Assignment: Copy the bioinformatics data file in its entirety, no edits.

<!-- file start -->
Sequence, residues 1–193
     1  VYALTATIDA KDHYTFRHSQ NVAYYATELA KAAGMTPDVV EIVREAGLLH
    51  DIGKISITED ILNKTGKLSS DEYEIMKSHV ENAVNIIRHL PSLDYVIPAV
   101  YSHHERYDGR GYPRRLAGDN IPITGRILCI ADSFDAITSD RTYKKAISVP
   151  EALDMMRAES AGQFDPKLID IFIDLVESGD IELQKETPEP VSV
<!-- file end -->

Sequence, residues 1–193
     1  VYALTATIDA KDHYTFRHSQ NVAYYATELA KAAGMTPDVV EIVREAGLLH
    51  DIGKISITED ILNKTGKLSS DEYEIMKSHV ENAVNIIRHL PSLDYVIPAV
   101  YSHHERYDGR GYPRRLAGDN IPITGRILCI ADSFDAITSD RTYKKAISVP
   151  EALDMMRAES AGQFDPKLID IFIDLVESGD IELQKETPEP VSV